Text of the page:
“You either die a hero, or you live long enough to see yourself become the villain.” - Harvey Dent, The Dark Knight
Manchester United have sacked Ole Gunnar Solskjaer. The man who, as a player, brought them perhaps their most glorious moment, that last-minute winner against Bayern Munich in the 1999 Champions League final, now departs in shame. He leaves one month after leading his team to a 5-0 home defeat against Liverpool, the club’s most despised rivals, and a lesser but somehow equally humiliating loss against Manchester City. The very last people in the Manchester United universe to tire of Solskjaer’s employment appeared to be the team’s board of directors. The final straw for them was apparently Saturday’s 4-1 thrashing at Watford, a team who had not won at home since the first game of the season.
At the end of their sporting careers, every great footballer dies a death of sorts. Retirement is the permanent demise of one identity, an identity in which they were all-conquering and their private trophy cabinet was stuffed with medals. The only consolation is that they are remembered with reverence. When Solskjaer left Old Trafford as a player, he, in that sense, died a hero. When he took over as manager in 2018, it was asking a lot for him to restore the glory of the Sir Alex Ferguson years: or, in effect, to die a hero twice. The fault for that excessive pressure ultimately lies with Manchester United. This is a club so vexed by its present difficulties and so confused by its future that it sought solace in a key figure from its past. For a certain time, and in many ways, that approach worked. Then, swiftly and brutally, the future caught up.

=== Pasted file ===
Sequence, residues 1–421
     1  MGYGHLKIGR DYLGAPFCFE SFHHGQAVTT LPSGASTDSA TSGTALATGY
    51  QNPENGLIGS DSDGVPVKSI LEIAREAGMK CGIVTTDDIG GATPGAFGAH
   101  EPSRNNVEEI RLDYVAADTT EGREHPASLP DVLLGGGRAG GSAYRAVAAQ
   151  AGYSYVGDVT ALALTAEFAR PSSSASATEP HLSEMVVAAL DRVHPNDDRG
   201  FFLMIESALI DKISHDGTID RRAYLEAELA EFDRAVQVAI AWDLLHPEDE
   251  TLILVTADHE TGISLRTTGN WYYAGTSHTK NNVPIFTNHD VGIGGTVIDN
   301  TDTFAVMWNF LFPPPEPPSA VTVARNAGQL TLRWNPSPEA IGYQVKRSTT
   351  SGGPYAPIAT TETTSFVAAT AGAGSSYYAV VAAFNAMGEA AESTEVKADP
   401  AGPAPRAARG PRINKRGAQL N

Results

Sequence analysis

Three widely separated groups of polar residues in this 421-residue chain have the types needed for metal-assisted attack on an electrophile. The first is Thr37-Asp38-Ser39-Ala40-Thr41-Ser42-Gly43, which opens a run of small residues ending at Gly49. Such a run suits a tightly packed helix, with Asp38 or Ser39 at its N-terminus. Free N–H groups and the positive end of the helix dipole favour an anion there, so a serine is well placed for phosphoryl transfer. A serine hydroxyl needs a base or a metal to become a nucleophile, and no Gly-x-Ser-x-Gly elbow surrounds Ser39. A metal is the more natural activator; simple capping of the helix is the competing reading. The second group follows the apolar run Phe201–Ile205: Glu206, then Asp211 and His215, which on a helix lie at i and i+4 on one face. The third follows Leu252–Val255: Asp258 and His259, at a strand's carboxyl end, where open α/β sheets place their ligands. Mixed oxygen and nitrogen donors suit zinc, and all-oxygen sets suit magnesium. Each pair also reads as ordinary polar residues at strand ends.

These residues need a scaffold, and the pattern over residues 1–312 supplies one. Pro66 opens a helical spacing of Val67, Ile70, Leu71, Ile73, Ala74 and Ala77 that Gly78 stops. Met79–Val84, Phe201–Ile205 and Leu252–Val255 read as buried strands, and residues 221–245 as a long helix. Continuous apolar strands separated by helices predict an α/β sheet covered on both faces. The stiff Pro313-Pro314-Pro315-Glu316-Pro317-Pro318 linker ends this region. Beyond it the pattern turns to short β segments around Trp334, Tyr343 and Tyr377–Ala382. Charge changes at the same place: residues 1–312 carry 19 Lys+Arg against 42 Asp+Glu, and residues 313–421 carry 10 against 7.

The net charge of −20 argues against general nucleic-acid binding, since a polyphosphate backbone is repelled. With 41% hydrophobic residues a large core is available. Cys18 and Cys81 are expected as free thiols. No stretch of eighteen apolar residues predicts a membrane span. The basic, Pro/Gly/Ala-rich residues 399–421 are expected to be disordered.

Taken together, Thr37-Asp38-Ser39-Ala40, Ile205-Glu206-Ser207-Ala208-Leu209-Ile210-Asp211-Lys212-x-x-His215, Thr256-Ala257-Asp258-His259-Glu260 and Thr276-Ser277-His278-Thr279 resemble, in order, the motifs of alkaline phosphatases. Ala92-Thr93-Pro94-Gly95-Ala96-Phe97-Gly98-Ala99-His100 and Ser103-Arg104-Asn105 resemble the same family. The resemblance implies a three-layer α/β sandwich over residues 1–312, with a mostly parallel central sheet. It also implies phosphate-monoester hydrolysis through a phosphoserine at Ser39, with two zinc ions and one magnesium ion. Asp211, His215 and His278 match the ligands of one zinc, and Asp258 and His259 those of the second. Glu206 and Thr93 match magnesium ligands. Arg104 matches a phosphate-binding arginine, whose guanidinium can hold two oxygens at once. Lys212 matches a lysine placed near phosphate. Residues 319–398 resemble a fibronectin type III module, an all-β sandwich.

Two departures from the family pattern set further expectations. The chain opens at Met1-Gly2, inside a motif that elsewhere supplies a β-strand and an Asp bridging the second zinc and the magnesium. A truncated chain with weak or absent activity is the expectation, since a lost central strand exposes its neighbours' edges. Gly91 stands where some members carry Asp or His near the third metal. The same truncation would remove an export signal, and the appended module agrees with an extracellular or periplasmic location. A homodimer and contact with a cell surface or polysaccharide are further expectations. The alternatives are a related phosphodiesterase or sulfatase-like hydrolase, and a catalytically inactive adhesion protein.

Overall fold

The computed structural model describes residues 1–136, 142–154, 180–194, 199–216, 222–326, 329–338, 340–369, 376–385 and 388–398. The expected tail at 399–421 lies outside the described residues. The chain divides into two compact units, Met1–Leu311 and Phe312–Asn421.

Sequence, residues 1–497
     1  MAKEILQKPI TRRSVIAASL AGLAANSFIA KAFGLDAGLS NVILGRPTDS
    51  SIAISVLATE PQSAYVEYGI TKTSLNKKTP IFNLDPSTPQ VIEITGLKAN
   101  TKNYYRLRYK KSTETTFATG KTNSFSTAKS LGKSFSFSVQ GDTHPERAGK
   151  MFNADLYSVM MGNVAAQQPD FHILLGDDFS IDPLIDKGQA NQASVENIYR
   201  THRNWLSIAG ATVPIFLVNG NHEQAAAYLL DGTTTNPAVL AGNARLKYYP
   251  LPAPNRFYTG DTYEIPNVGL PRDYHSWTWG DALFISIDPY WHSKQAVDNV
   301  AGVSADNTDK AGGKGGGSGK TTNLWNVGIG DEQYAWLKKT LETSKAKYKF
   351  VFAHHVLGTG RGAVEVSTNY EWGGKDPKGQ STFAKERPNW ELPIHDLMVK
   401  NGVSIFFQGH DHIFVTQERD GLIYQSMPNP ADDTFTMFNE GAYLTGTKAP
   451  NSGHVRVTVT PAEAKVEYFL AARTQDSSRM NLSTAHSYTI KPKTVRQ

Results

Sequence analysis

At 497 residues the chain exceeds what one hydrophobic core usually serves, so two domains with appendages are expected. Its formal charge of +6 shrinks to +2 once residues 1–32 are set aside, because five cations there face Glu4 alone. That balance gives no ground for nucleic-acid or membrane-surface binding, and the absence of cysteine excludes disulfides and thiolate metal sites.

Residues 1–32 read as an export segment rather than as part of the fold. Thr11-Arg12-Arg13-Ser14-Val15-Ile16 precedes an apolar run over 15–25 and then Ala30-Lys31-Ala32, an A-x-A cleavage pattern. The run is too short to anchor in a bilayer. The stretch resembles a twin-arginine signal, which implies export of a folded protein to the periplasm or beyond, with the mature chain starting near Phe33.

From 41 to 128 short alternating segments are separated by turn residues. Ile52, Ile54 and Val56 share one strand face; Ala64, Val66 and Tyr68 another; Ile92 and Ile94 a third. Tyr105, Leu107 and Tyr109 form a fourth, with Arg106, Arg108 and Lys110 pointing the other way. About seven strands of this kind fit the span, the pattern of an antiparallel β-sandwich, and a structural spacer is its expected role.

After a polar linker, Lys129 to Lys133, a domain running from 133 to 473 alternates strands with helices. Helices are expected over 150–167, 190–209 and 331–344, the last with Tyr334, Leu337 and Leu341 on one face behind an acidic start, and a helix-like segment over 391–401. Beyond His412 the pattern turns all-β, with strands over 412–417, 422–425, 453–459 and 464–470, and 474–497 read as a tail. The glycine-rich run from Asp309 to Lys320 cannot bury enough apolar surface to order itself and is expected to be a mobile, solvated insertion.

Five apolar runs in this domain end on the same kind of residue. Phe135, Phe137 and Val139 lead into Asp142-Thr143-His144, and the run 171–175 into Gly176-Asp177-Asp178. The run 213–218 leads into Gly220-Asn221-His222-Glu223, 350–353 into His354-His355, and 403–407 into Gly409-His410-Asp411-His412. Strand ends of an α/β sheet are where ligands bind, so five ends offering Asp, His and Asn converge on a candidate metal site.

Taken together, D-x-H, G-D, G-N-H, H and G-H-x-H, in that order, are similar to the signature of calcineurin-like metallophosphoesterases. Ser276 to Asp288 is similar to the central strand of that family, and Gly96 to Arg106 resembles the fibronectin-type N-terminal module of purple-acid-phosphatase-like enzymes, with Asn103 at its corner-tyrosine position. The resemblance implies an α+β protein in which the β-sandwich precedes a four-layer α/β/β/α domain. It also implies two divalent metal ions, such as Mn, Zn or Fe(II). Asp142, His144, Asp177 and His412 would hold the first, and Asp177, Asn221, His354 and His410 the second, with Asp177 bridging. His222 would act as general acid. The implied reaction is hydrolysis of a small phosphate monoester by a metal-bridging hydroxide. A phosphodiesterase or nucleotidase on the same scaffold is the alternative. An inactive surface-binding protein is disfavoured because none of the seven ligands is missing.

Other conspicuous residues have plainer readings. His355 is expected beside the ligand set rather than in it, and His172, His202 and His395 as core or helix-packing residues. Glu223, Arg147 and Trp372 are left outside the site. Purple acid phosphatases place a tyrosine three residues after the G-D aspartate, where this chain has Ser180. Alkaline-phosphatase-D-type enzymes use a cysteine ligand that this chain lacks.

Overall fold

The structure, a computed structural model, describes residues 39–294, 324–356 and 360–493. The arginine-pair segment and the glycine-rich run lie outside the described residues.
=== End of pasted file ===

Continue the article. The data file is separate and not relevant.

There is nothing inherently wrong with looking to the past. It has worked for clubs and national teams before. Perhaps history will be kind to Solskjaer, and there are some ways in which it should be. Though his appointment was a spectacular gamble, one that might have paid off had it not gone on so long, he did several excellent things during his spell as manager. He started in exhilarating fashion, winning 14 of his first 19 games, including the elimination of Paris Saint-Germain from the Champions League. He was charged with reminding Manchester United who they were, with getting them to play thrilling football in the best of their tradition, and there were several games when he did that. He was asked to restore them to their former heights, and last season’s second-place finish in the Premier League is an achievement that would bring any leading coach pride. He trimmed down the squad, boldly allowing prominent players to leave because they did not fit into his plans: He promoted talent from within the club’s ranks, and he led his team to notable wins against close rivals. His man management was frequently impressive, as was some of his improvement of key players: most strikingly, when he coaxed some of Luke Shaw’s very best form from him, and persuaded Paul Pogba to remain when it seemed he might depart (though he could not convince Pogba to extend his contract and the Frenchman might still leave Manchester soon).
Yet Solskjaer’s reign so often had the air of guerilla warfare, of a plucky underdog overcoming opponents who should really be outmatching them. The suspicion was always that Manchester United would be exposed when forced to play an open game against the best teams in the country. The mark of the game’s greatest coaches is consistency from week to week. Winning a big match here and there is the stuff of rebel legend, but it is not something on which you can build a lasting campaign. It was widely believed and feared at the time of his appointment that he would not eventually enter the ranks of the game’s greatest coaches.